There is one further piece to the puzzle that one needs to understand about the architecture of the administration of the DNS system and the IANA function. Though ICANN manages the IANA function under contract to NTIA, it does not actually do the work of implementing changes to the DNS when they are made. That technical work is managed under a cooperative agreement between the NTIA and Verisign, the American company that also manages the dot-com domain (under a separate arrangement with ICANN). Verisign maintains the root zone (that is the core list of the gTLD domains and their operators), for free as a service to the internet and the world. So, today, when ICANN decides to make a change in the DNS system, the ultimate responsibility for implementing that change lies with Verisign. (Full disclosure:  I have done consulting work for Verisign—though not with respect to its root zone maintenance function.)

In other words, today there are three parties who work cooperatively to keeping the web address DNS system running: ICANN, NTIA and Verisign (the Root Zone Maintainer). Here is how the NTIA describes the workings:

(1) TLD operators submit change requests to the IANA Functions Operator [i.e. ICANN]; (2) the IANA Functions Operator processes the request and conducts due diligence in verifying the request; (3) the IANA Functions Operator sends a recommendation regarding the request to the Administrator [of NTIA] for verification/authorization; (4) the Administrator verifies that the IANA Functions Operator has followed its agreed upon verification/processing policies and procedures; (5) the Administrator authorizes the Root Zone Maintainer [i.e. Verisign] to make the change; (6) the Root Zone Maintainer edits and generates the updated root zone file; and (7) the Root Zone Maintainer distributes the updated root zone file to the thirteen (13) root server operators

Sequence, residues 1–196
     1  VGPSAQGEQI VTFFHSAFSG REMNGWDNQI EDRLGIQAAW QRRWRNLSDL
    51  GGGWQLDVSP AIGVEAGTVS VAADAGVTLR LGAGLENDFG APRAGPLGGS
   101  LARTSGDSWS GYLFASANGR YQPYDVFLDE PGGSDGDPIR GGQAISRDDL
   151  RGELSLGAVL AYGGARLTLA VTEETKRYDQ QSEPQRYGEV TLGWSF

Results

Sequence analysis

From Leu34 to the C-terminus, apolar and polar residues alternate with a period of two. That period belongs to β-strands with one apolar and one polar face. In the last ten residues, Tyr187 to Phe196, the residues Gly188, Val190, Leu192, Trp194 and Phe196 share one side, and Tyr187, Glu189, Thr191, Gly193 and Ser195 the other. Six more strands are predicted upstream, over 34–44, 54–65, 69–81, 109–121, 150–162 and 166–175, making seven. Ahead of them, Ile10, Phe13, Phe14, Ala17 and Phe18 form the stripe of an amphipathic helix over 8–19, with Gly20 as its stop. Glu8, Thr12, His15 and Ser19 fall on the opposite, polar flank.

So, now you can see why this change is a big deal. Today, by contract, the NTIA has a verification and authorization role over how ICANN performs its functions. In other words, in the end, any changes that ICANN wants to make are subject to review by the US government. After the policy that was announced on Friday takes effect, the US government will give up that role. And according to the NTIA, this will likely mean that Verisign’s role will have to be modified, as well, if not completely transitioned to another root zone manager.

So what are we to make of this transition. Herewith a few thoughts:

For me, the bottom line seems relatively clear—despite the strum und drang of recent weeks, the United States has been a fundamentally good steward of the network. It has fostered innovation, openness, freedom and growth. Not perfectly to be sure and not always without a healthy dollop of self-interest, but at its core the US management of the network has been more benign than venal, with the result that we have today a vibrant network with more good than bad in it.

The transition to ICANN management may well upset that happy vision. While I am more optimistic about ICANN than I might be about the ITU as a new steward, the capabilities and political strength of the institution are unproven and remain a question mark. If, as the Chinese proverb goes, it is a curse to live in “interesting” times, I fear we may be facing several years of living dangerously.

This essay was cross-posted at Lawfare.